I rediscovered an old yet surprisingly powerful desktop PC which had been cast aside because it had Windows Millenium on it and the thought was that it had been infected by a virus of some description, ‘cos apparently it ran slow and kept crashing, meaning it was consigned to a spare room whilst the original user moved on to laptops.
Dunno why I decided to, but on discovering this sad, unwanted and discarded machine, I fired it up to establish that it didn’t really seem to do much apart from slowly open in a ‘Safe Mode’.
Now then, in other aspects of my life, I am ‘content’, or is that a ‘sufferer’, of Windows operating systems. I use Macs when necessary, as there are a few things they can do more cheaply than their PC equivalents, but I am also a Google anorak, especially of the ‘cloud computing’ concept and Chrome. I am even an early adopter of Chromebooks.
It occurred to me to try to install a version of Chromium onto this poor old machine, as part of my fetish for Chrome and all things Google and open source.
Some hours later I was still sitting there wondering why nothing was happening. The process was annoyingly long to produce a boot-up usb, discover nothing would happen, then try all over again. I gave up.
Wondering if it was the computer itself, I decided to do something I’d never done myself before, and that was to venture down the Linux route to see if I could at least get that to function. It did, first time.
In just one attempt I managed a clean install of the latest Ubuntu, and after a bit of fiddling about to get the correct drivers to get the audio to work properly, I produced a fine functioning machine.
As I said, this is my first venture into the FREE world of Linux, and seemed the way to go rather than try to install a cracked Microsoft Windows package or, worse still, have to pay for it! Indeed, the latest Windows versions probably wouldn’t install on the machine, needing far much more memory. Or if they did install they’d run at slower than a slow man from slow land.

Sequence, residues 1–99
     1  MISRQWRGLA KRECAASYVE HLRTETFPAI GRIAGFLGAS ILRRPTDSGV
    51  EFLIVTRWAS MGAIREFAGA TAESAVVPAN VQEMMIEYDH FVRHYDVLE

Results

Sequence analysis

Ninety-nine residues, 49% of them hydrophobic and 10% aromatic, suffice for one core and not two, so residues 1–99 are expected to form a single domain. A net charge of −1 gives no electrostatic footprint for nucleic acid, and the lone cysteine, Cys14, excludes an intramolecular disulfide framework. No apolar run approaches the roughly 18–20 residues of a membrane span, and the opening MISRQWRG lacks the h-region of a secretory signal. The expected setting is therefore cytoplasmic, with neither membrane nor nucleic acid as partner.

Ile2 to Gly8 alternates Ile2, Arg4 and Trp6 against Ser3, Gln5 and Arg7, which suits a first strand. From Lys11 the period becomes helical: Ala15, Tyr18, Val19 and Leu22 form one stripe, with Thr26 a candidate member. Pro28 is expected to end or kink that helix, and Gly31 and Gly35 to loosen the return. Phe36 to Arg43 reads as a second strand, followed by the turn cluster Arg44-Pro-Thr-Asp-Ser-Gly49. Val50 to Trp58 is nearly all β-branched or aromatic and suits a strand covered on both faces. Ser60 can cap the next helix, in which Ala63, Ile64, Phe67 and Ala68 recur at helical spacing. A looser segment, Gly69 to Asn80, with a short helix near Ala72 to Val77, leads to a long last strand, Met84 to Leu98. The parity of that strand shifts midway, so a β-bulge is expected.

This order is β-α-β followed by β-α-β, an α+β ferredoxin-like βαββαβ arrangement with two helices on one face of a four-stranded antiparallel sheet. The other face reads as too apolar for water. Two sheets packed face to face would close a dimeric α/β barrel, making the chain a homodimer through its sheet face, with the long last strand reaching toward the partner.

Where have I been all these years? Ubuntu is very cool. Since the world functions on the cloud these days, my rescued machine is a perfectly fine internet browsing machine (using Chrome, of course), and, for those with a fetish for offline document editing, it comes with Libre Office, which is identical to Open Office, maybe slightly better, and provides all the main functions of Microsoft Word, but for free.
Indeed, my finished refurb’d machine is now being used again, to write a few scripts and things on and to surf the net and do all the ‘cloud’ stuff. It’s not fast enough to play games, and a bit stuttery on Youtube, but then I think Youtube was invented long after it was, so more memory is needed, but it’s perfect in every other way. It certainly serves its purpose and is a convenient and FREE workstation that certainly boots-up fast.
I excitedly chattered about my adventure on a few sites (Anorak Nation, Google+) and found that I was entering a world that others had been in for many years. Whoops, better late than never.
Certainly, Ubuntu or other Linux variants, will be the way I go with any further old machines that I would otherwise be retiring, guaranteeing them a new, and maybe even better, lease of life than they’d had as Windows machines.